As I came late to knitting, I came late to socks. But before Christmas, in a kind of experiment, Iíd made a pair of Christmas stockings, using my own leg and a sock as a guide. Theyíd turned out pretty well, though never meant to be worn.
Then, I received a Christmas gift copy of EZís The Opinionated Knitter, at a time when I some stash that I didnít know quite what to do with. It was cold out, and my feet felt like lumps of ice. Socks it had to be.
I got far enough in EZís instructions that I had the top of a sock. I couldnít figure out the heel instructions. I rummaged around, found an old leaflet pattern so fragile it was crumbling, and adapted something from a fading diagram. It didnít take long for Sock #1 to be finished, and then Sock #2 to join it.
Good. Not perfect. Harder than it should have been, with that Kitchener toe.
But I could fix it, I thought.
I began another pair, and then another, improving the pattern as I went: to make it easier, to make it fit better, and to make it accessible.
At first I worked on the plain ribbed crew socks, then on the heavy ones, then on the plain knee sock that youíll find in next monthís update and then to more knee-length socks: a zanzy black and white to wear with my Sandnes sweater and its storm hood, and pairs and pairs of plain merino cabled up the back, with yet another heel improvement for hiking and cross-country skiing.
I think anyone who knits, but is not yet a sock knitter, and who is intimidated with the fine yarn and needles used for many socks, can work a pair from these instructions, all in worsted. The instructions are broken into steps, which was what Iíd needed and hadnít had, and charts, so I could grasp the architecture of socks in general. The steps are logical, and if you follow the directions, make for the simplest sock consonant with good fit and performance. The more familiar you become with making these basic socks, the more you can dream up your own variations, and experiment with yarns.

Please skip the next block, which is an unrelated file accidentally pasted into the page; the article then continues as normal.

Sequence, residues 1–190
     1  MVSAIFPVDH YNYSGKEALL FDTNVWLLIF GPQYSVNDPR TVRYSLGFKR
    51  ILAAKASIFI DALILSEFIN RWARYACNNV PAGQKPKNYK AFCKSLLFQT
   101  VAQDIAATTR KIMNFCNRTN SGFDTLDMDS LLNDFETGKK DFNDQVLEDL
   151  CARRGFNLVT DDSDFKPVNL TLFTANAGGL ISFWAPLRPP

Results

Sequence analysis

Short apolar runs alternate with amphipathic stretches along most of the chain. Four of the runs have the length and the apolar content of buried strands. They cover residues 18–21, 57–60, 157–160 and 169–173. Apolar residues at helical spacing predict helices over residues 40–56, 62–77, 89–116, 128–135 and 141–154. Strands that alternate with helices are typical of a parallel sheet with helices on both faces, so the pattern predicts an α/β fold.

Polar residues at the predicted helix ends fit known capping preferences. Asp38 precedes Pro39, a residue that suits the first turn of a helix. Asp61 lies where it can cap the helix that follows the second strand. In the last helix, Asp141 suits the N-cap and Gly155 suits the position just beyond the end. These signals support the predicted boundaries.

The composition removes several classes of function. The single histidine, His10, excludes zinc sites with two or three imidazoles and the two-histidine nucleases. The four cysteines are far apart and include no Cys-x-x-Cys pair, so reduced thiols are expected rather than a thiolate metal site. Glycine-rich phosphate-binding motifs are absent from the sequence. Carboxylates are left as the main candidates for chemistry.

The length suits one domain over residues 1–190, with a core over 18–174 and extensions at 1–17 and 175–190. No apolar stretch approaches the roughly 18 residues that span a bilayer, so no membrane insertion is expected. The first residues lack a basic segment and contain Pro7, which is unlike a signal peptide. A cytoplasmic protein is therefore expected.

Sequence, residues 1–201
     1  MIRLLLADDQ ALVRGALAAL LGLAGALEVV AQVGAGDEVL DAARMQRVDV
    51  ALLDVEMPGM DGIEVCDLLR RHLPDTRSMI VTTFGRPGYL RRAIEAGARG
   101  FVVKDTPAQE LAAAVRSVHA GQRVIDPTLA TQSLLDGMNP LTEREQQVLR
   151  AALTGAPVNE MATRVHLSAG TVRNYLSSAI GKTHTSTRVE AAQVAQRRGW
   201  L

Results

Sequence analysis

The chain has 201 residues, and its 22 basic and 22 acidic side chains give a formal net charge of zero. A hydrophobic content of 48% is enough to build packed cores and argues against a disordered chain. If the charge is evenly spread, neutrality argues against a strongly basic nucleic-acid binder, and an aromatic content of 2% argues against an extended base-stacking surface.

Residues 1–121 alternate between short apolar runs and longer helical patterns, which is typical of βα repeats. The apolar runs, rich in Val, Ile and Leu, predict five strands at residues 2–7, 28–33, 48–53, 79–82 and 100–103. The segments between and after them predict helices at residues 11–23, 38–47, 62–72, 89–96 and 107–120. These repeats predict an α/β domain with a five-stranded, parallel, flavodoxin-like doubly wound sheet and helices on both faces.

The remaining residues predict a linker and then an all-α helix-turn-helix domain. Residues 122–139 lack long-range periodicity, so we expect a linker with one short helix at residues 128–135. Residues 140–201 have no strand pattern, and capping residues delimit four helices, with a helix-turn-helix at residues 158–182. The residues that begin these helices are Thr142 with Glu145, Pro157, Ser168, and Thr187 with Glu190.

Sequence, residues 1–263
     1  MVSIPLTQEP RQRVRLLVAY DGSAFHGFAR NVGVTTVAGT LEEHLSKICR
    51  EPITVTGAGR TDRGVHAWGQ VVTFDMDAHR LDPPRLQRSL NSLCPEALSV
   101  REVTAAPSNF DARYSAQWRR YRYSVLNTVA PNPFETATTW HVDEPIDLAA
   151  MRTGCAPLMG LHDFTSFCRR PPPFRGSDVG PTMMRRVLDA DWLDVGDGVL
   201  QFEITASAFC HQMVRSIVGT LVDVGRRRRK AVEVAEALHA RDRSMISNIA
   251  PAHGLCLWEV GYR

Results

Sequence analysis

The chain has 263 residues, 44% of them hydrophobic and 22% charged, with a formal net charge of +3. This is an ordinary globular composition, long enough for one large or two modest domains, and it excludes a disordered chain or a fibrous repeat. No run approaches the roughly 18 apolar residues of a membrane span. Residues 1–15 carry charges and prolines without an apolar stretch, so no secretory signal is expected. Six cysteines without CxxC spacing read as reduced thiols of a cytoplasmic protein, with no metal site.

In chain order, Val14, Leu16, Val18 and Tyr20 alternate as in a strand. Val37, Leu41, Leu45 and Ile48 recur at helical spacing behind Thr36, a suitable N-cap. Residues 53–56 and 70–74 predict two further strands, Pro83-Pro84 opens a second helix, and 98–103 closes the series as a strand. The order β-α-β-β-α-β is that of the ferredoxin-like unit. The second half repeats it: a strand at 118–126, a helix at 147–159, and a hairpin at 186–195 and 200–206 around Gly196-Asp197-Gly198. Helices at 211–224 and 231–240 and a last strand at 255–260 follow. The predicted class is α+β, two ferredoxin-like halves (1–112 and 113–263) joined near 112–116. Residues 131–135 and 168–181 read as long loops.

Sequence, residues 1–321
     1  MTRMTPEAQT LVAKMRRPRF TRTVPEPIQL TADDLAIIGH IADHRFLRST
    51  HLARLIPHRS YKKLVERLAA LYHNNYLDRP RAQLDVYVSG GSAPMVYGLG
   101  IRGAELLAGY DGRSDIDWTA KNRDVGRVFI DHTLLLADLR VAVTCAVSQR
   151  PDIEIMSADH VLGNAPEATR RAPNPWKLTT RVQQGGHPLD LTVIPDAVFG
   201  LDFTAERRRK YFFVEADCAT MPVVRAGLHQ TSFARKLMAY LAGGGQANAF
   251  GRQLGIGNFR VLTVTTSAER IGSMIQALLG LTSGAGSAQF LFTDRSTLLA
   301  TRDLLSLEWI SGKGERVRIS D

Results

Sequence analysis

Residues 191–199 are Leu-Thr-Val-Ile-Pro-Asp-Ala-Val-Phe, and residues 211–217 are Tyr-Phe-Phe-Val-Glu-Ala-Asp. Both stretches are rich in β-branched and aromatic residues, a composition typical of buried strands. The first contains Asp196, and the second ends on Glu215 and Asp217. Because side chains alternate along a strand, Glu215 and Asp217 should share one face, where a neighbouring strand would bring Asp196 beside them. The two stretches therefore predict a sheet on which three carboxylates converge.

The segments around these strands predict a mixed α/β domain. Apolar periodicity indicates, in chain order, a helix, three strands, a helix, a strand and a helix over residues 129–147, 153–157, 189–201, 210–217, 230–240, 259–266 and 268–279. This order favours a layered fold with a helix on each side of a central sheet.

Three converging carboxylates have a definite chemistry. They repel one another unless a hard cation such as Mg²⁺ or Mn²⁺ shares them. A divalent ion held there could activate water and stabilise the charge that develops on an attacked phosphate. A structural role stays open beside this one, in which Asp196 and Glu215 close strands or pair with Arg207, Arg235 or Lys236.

You may also discover why sock knitters are often become sock junkies; theyíre easy to make, reasonably quick, and eminently portable when in work. There are no limits on colors or types of yarn, and there is a fitting formula that applies to everyone. The Dutch heel is easier than the familiar diagonal one; the round toe is easier than the Kitchener one; the heel reenforcement is easy and quick and really works for the wearer, and the diagram is step-by-step and will get you through your first few pairs.
The Materials you'll need for this Knitting Project:
You'll only need one set of needles for these socks:
#6 for ribbing top, #6 with the single yarn for the foot.
If I were going to buy yarn especially for these, Iíd look for a plied knitting worsted with
10 to 15% nylon or acrylic content, and a snug twist, ideally in Smart Wool or Superwash
yarn, which is machine washable and wonít shrink. Not easy to find, if itís findable at
On no account should you try using one of the popular unplied yarns, such as Brown
Sheep Lambís Pride, or Reynolds Lite Lopi, for the feet of socks; they will pill like crazy,
and wear badly. And they will felt to infant size the day your husband or teenagers try to
help with the laundry (with lots of hot water, an excess of detergent, then a trip through
the dryer on high!), though they are fine for sock tops, which get very little wear, if you
keep them away from those who would be helpful.
The socks shown were made of wool worsteds: Brown Sheep Naturespun, Cascade 220.
I have also made others from Patonís
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